The second session was about the Grails plugin system. This session was equally astonishing as the first one. In another live coding session Graeme developed a plugin and demonstrated that Grails plugin development is not only something for infrastructure gurus but a useful way to modularize a Grails application.
On the same time he used the iwebkit plugin to demonstrate how easy it is to develop an iPhone interface for the twitter-clone from his previous session. This was extremely impressive and provoked the urge to try it out yourself...

The next session was by Jim Shingler about Griffon. This session had a hard stand after Graeme's incredible performance. Also the Griffon project seems still very much in the beginning, so there were a lot of questions and several discussions in the audience.
Unfortunately Jim ran out of time, and could not really finish his main goal: A rich client for the twitter-clone built in Graeme's previous session.

The last session of the conference was by Paul King about "Industrial strength Groovy". This was a very valuable talk, since it was obvious that Paul had a lot of experience from real-world Groovy projects. He talked a lot about best practices for Groovy and the similarities and differences between Groovy and plain Java projects. His slides can be found on slideshare.


Day two was wrapped up with a panel discussion with all the speakers of the conference.

One common undertone in the discussion was, that Grovvy and Grails are currently transcending from the early adoption phase into becoming a mainstream technology. This was underlined by the acquision of G2One by SpringSource and by the statement of Dierk König, that Groovy expertise has lately become a selling argument for Canoo.


  1. Great summary. Can you elaborate a little more on the interesting answers during the Q&A? I know Robert Fischer had sent some interesting questions...

  2. I cant remember all the robert fisher questions respective the answers

    "How has the SpringSource acquisition changed Groovy/Grails core development?"
    -> Graeme responded, that the acquisition has the positive effect, that he can now tap much more efficiently the knowhow-pool of spring and tomcat, ant that he can even influence those projects.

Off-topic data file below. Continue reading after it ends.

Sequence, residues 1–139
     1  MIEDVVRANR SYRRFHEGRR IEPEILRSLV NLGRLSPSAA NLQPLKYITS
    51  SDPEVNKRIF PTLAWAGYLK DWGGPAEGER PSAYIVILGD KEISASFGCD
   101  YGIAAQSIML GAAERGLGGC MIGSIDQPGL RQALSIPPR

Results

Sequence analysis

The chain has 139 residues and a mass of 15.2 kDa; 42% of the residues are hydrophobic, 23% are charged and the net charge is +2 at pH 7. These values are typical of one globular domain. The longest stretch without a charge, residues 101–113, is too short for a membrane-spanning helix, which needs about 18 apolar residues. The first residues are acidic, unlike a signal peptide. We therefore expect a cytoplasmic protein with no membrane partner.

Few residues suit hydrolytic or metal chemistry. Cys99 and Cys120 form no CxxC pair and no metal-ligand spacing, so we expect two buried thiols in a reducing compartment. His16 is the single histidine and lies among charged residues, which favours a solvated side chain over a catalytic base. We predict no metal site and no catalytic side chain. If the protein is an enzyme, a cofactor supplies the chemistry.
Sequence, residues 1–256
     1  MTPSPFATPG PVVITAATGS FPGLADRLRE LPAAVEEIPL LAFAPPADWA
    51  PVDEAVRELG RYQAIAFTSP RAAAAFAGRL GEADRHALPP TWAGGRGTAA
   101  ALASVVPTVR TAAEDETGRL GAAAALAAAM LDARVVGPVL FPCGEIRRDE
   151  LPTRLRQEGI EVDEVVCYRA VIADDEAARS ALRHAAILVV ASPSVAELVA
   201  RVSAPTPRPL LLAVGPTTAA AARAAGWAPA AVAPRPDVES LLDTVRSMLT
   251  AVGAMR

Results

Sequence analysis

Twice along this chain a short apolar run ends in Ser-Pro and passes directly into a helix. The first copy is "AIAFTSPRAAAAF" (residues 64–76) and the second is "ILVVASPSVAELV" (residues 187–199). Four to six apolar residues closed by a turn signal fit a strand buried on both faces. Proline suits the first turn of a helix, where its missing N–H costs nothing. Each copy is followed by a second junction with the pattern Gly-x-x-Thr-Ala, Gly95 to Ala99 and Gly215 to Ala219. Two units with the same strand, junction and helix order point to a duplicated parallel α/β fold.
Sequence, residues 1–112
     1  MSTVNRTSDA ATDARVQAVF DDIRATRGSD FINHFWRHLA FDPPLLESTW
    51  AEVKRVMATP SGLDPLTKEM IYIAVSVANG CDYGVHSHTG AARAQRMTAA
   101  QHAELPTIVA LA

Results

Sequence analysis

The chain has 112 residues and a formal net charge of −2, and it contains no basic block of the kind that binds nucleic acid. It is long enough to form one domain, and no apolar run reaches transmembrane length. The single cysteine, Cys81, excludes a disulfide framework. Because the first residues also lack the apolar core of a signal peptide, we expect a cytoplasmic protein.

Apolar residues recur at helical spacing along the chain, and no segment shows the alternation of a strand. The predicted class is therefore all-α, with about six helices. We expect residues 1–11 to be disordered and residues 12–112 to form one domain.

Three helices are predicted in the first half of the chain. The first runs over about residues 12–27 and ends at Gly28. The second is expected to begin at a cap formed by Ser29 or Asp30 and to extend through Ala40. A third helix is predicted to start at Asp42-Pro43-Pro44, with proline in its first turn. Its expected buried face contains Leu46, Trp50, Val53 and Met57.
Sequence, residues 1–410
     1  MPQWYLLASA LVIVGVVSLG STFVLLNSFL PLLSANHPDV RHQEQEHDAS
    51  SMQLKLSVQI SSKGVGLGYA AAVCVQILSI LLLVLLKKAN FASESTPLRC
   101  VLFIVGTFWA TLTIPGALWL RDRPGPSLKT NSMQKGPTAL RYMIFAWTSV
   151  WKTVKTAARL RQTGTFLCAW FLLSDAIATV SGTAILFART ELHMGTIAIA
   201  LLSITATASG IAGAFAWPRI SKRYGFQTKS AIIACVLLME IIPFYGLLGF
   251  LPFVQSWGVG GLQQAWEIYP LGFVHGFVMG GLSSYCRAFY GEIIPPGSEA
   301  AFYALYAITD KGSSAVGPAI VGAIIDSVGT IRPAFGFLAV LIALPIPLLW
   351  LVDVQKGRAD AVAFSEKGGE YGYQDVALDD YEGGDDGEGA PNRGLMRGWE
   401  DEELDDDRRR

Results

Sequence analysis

No negative effect was mentioned.

    "What do they see as the key differentiator of Groovy/Grails, and what recent development effort supports that assertion?"
    -> Differentiator to plain Java development: obviously the gained productivity and efficiency that is delivered by Goorvy/Grails.
    ->Differentiator to other modern Languages/Frameworkls like Scala, Jython, Ruby, Rails, Django:
    Groovy respects the concepts of Java, therefore in a Java environment there is less friction. Every Java developer is also a Groovy developer, he just doesnt know it yet...

  3. My questions can be found here: (Be sure to click "Show Conversations" to see them all.)

    "What kind of functionality is beyond the scope of Groovy, Grails core?"

    "What do they see as the key differentiator of Groovy/Grails, and what recent development effort supports that assertion?"

    "How has the SpringSource acquisition changed Groovy/Grails core development?"

    "What technology integration does Groovy/Grails see as being key for moving forward? Why?"

  4. "What kind of functionality is beyond the scope of Groovy, Grails core?"
    -> I dont think this question was discussed.

    "What technology integration does Groovy/Grails see as being key for moving forward? Why?"
    -> Java will always be the most important technology to integrate. Every advancement of Java must be integrated into Groovy as smooth as possible. This was proclaimed as the main focus and main success factor for Groovy.

  5. Really excellent summary, we'll feature it in the grailspodcast that will be recorded tonight.